Bridgy is so popular in the IndieWeb community, though, that I revisited this limitation. Micro.blog will now recognize Twitter usernames sent via Bridgy and store those replies in Micro.blog. They will still not appear in the Micro.blog timeline, but they are available for querying from the API, or including on your own blog hosted by Micro.blog.

Micro.blog has a built-in JavaScript include called Conversation.js for showing replies on a blog post. It pulls these replies from a conversation on Micro.blog, plus any Twitter replies from Bridgy. This brings Micro.blog’s Webmention support more in line with what Webmention.io can provide.

Because Micro.blog-hosted blogs are just blogs, with themes that allow you to customize any of the HTML, it’s possible to swap out Conversation.js with another solution. If you edit your blog to use a separate service to collect incoming Webmentions, like Webmention.io, then replies to your blog post will go to that service. You can then display any type of Webmention on your Micro.blog-hosted blogs, even those from Bridgy.

There’s an additional gotcha you should know about using Bridgy and Micro.blog together. Bridgy needs a link to your blog post for it to be able to match up tweet replies to that blog post. When cross-posting to Twitter from Micro.blog, Micro.blog only includes a link back to your blog if your blog post has a title, or if it needs to be truncated to fit in the tweet.

If you want all cross-posted tweets to link back to the microblog post, even if they were short, you can use Bridgy itself for the cross-posting instead of Micro.blog, and disable cross-posting in Micro.blog. I’m not planning any changes to Micro.blog’s cross-posting in the near term.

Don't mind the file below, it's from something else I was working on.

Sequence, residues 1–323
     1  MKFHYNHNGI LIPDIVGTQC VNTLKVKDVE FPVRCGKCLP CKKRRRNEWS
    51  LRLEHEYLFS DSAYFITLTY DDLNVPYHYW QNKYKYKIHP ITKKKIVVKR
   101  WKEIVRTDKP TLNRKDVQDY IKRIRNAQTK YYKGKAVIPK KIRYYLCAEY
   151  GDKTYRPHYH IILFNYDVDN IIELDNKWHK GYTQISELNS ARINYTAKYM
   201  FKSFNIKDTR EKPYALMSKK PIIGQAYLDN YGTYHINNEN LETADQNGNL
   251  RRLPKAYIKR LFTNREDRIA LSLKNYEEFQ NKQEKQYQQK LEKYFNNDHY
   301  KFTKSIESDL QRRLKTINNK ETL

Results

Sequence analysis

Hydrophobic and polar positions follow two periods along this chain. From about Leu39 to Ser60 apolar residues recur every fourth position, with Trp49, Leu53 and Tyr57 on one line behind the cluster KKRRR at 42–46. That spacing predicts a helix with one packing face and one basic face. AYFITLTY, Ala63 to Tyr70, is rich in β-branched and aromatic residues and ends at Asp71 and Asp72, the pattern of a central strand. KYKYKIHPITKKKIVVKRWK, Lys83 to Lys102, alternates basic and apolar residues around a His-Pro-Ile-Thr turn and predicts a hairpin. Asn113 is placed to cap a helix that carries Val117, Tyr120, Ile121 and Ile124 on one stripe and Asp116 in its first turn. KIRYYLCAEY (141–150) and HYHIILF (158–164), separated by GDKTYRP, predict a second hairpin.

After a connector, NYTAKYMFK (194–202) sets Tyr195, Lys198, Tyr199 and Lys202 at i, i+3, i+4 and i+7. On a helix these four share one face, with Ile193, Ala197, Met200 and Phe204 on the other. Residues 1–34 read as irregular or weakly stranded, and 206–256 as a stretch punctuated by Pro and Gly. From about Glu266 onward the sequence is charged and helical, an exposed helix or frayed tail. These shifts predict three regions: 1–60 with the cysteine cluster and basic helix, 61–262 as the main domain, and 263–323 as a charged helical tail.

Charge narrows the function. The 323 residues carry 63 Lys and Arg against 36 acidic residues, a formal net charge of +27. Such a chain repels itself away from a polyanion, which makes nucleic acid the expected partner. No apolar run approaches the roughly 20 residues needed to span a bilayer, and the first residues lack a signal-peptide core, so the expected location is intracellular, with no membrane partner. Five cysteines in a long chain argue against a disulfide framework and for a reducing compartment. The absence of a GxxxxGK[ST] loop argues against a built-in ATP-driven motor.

Looking at the Bridgy shim web pages can illustrate how Microformats can enhance the content on a web page. Twitter’s own HTML is complicated, with a mix of CSS and JavaScript. But Bridgy’s version is simple.

I posted a test tweet reply to one of my own blog posts. When Bridgy noticed the reply tweet, it created a new shim web page at a URL that included the tweet ID:

https://brid.gy/comment/twitter/mantonsblog/1395021416588849153/1395033801533927428

The important part of the HTML at that web page looks like this:

<article class="h-entry">

	<span class="p-uid">tag:twitter.com,2013:1395033801533927428</span>
	<time class="dt-published" datetime="2021-05-19T15:09:11+00:00">2021-05-19T15:09:11+00:00</time>

	<span class="p-author h-card">
		<a class="p-name u-url" href="https://twitter.com/mantontest">Manton Test</a>
		<a class="u-url" href="https://www.manton.org/"></a>
		<span class="p-nickname">mantontest</span>
		<img class="u-photo" src="https://pbs.twimg.com/profile_images/851438000349134849/tkIzJz0b.jpg" />
	</span>

	<a class="u-url" href="https://twitter.com/mantontest/status/1395033801533927428">https://twitter.com/mantontest/status/1395033801533927428</a>
	
	<div class="e-content p-name">
		This is a test reply to see <a href="http://Brid.gy">Brid.gy</a> in action.
	</div>

	<a class="u-in-reply-to" href="https://micro.blog/"></a>
	<a class="u-in-reply-to" href="https://twitter.com/mantonsblog/status/1395021416588849153"></a>
	<a class="u-in-reply-to" href="https://www.manton.org/2021/05/19/webmention-and-twitter.html"></a>

</article>

It includes everything needed to show the tweet outside of Twitter — such as p-author with a profile photo, and e-content for the tweet text — along with metadata to follow the conversation thread back to the original blog post, like u-in-reply-to.

Simple formats are easier to understand and combine with other services to build something new.

Next: Blog archive format →